opinion was error. The ALJ, however, did not ignore this evidence. Although the ALJ did not
mention Dr. Thompson by name, he noted that Sadaka underwent "a discogram that revealed
unequivocal evidence for a major underlying discopathic pain mechanism at L5-S 1 that
correlated to the claimant's pain complaints." Tr. at 24. This was an accurate paraphrase of Dr.
Fonns that require physicians to only check boxes and fill in blanks are considered weak evidence absent thorough
treatment reports in support. See id. at 1065.
Thompson's findings. Further, the ALJ did not err by declining to give weight to Dr.
Thompson's opinion that Sadaka's back pain was debilitating. First, the question of whether a
condition is debilitating, i.e., disabling, is one reserved to the Commissioner. Ray v. Astrue, 649
F. Supp. 2d 391,400 (E.D. Pa. 2009). Second, Dr. Thompson made these findings before
Sadaka underwent back surgery. 4 The record is replete with evidence that the surgery provided
Sadaka with considerable pain relief. See, e.g., Tr. at 622. Findings that only correspond to
Sadaka's pre-surgery condition do not provide objective evidence in support of Sadaka's postsurgery subjective complaints. The ALJ therefore was not required to explain why his
conclusion conflicted with Dr. Thompson's findings.
Sadaka's final argument is that the ALJ erred by excessively relying on evidence of his
daily activities in determining his residual functional capacity. The ALJ considered Sadaka's
testimony and a "Function Report" completed by Sadaka. Tr. at 52-53, 176-83. From this
evidence, the ALJ noted the following:
It bears reiteration that the claimant testified that he is independent regarding
personal care and he is capable of performing all housework as consistent with the
record. He is clearly able to reside independently, be self-reliant and be selfsufficient. His Function Report corroborates independence of daily activities and
no problems with social functioning as admitted therein.
Tr. at 27. Sadaka argues that the ALJ erred by relying on Sadaka's personal activities, arguing,
"Disability does not mean that a claimant must vegetate in a dark room excluded from all forms
ofhuman and social activity." Smith v. Califano, 637 F.2d 968, 971 (3d Cir. 1981). The ALJ,
however, never imposed this requirement on Sadaka. It is appropriate for an ALJ to consider a
The residual functional capacity determination was made in regard to Sadaka's capabilities post-surgery. Sadaka's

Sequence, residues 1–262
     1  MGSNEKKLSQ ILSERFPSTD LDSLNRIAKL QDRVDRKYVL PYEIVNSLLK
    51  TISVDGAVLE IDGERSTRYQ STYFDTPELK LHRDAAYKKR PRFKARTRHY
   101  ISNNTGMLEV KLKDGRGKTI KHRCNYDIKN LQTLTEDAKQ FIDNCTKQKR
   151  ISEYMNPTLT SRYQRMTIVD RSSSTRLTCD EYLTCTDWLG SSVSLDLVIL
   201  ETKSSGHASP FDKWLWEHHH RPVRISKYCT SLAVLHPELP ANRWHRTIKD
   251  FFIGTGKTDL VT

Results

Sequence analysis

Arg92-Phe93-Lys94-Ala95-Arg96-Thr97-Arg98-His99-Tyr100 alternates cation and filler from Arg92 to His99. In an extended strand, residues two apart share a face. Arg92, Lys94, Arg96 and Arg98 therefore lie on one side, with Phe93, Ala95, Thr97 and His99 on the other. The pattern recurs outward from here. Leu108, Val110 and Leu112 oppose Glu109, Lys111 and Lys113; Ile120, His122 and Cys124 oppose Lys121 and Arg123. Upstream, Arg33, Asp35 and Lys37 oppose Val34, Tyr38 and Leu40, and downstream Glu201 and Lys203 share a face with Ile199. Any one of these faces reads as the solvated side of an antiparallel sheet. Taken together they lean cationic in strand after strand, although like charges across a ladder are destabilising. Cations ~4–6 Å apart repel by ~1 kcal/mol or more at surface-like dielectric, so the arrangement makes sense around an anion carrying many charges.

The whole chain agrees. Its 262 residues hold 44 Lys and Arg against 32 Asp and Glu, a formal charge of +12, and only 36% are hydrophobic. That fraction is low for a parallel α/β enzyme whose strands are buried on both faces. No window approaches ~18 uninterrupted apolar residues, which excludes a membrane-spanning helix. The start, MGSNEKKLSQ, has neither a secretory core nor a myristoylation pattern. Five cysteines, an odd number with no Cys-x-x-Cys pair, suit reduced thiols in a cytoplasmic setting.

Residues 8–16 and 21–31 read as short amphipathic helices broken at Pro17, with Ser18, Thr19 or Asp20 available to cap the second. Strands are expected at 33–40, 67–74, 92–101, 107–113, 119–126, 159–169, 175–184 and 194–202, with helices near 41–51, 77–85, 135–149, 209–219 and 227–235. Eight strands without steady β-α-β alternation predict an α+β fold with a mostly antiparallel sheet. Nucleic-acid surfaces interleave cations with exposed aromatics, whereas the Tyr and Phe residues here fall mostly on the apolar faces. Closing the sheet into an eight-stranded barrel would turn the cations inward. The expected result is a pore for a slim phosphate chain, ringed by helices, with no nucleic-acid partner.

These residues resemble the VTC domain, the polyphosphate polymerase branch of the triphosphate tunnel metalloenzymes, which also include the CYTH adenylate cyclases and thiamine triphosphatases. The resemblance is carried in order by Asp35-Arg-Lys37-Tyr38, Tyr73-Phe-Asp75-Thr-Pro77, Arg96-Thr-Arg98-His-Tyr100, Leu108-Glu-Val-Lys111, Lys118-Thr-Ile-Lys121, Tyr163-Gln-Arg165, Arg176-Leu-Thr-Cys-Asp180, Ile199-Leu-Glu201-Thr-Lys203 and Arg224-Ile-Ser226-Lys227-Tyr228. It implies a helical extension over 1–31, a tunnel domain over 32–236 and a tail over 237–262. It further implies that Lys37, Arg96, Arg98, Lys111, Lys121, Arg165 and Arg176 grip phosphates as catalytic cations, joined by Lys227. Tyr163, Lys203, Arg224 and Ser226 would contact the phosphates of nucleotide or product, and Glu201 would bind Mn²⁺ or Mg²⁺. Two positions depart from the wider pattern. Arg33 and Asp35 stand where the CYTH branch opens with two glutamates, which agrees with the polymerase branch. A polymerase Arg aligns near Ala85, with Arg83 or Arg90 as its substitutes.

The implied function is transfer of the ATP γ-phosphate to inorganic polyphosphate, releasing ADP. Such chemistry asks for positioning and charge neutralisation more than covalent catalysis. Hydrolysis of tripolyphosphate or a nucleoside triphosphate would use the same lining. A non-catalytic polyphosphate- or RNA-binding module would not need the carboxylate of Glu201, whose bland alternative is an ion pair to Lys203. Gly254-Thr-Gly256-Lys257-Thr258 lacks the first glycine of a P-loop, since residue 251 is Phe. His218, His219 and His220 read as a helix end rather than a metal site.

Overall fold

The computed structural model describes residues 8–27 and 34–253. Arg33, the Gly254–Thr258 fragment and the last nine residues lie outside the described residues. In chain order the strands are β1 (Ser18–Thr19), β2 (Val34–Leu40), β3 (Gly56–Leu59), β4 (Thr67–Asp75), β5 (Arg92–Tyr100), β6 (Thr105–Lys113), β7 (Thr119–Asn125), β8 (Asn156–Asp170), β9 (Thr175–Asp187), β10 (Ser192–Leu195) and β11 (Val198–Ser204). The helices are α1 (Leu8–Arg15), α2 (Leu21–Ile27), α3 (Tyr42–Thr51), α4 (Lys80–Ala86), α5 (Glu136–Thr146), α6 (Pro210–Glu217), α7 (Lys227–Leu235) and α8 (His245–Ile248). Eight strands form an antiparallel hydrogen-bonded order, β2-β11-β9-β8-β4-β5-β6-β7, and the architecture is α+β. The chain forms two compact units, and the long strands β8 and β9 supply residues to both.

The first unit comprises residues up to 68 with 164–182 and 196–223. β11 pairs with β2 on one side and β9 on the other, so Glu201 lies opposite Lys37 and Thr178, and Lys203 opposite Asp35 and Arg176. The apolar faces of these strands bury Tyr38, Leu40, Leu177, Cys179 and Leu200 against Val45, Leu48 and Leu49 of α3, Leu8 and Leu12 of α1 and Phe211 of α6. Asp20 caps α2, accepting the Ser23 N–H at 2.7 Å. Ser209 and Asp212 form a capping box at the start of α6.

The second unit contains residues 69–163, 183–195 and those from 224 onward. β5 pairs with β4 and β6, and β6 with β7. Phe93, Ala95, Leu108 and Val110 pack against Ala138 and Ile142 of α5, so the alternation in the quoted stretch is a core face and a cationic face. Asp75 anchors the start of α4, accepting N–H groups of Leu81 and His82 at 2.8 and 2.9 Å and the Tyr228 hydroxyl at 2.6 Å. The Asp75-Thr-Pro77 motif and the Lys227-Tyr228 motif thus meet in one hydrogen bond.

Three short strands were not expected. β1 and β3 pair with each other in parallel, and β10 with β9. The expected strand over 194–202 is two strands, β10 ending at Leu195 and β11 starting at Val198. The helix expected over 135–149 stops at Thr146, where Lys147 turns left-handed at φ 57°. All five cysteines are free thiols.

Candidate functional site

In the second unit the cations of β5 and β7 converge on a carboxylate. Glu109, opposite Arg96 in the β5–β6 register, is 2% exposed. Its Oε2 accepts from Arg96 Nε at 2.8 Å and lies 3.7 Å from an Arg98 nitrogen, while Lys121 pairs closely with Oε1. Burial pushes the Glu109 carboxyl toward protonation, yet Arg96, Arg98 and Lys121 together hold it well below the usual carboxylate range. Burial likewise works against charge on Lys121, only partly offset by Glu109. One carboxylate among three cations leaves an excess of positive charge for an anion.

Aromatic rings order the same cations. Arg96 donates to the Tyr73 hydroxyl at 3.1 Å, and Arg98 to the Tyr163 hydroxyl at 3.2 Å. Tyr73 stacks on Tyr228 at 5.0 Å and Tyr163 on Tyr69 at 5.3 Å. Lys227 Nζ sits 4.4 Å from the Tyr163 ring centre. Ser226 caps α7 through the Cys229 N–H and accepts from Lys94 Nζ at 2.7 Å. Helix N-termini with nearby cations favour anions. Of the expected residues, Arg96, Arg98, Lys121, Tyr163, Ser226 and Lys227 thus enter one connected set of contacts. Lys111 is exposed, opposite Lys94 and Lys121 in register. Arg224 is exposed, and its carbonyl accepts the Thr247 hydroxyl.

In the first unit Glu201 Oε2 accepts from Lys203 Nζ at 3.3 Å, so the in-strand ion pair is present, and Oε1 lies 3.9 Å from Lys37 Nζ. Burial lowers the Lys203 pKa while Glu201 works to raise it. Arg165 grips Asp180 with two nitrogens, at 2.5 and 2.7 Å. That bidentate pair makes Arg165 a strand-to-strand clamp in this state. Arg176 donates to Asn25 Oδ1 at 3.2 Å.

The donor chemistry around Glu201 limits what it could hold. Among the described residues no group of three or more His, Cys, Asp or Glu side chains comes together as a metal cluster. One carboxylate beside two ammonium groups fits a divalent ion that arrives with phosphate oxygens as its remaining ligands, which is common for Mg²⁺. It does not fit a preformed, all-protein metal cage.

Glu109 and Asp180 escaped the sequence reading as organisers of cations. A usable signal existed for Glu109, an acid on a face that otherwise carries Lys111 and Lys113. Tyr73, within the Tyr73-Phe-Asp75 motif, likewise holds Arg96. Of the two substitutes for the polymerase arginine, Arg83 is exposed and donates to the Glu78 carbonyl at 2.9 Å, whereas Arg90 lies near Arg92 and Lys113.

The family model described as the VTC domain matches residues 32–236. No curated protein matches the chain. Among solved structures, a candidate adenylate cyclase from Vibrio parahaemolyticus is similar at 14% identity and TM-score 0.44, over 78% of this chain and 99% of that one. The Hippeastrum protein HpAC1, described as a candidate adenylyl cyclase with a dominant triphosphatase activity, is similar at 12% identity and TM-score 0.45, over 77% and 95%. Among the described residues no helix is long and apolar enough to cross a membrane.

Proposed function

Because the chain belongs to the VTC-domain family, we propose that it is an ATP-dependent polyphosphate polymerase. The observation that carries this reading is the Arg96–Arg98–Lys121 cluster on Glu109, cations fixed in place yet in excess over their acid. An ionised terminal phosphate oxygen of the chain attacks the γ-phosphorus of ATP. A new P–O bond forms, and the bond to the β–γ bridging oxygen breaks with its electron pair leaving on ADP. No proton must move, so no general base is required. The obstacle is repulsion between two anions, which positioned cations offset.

evidence in support of his claim for disability, including Dr. Ludwig's RFC Questionnaire, chiefly related to his
post-surgery capabilities. The ALJ properly evaluated his claim accordingly.
claimant's statements regarding his daily activities when those statements are inconsistent with
complete disability. See Giese v. Comm'r ofSoc. Sec., 251 F. App'x 799, 803 (3d Cir. 2007).
In the "Function Report," Sadak:a stated that he lived alone in a trailer, handled his
personal hygiene, did laundry, cleaned the house, and prepared his own meals. Tr. at 176. He
took care of his dog with the assistance of his brothers. Tr. at 177. He did household repairs, cut
the grass, and whacked the weeds. Tr. at 178. He shopped for food, attempted to go outside at
least twice a day, and was in frequent contact with his family. Tr. at 179-80. He admitted no
problem with paying attention and got along with authority figures. Tr. at 181, 184. It was
perfectly acceptable for the ALJ to rely on this information in determining Sadak:a' s residual
functional capacity. Sadak:a cites Smith to the contrary, but that case is inapposite. There, the
ALJ was overturned for relying on activity that the claimant only engaged in sporadically and for
very short periods oftime. See Smith, 637 F.2d at 971-72. In contrast, the ALJ here based his
findings on Sadak:a's regular and continuous daily activities. When asked how often he did daily
chores, Sadak:a admitted, "I pretty much am always doing these things. It [seems] I never really
stop." Tr. at 178. This admission provides evidence inconsistent with a finding of complete
disability. The ALJ did not error by relying on Sadaka's self-reported daily activities in his
Sadak:a has failed to establish that the ALJ lacked substantial evidence in determining he
was not disabled. His request for summary judgment is therefore denied. An appropriate order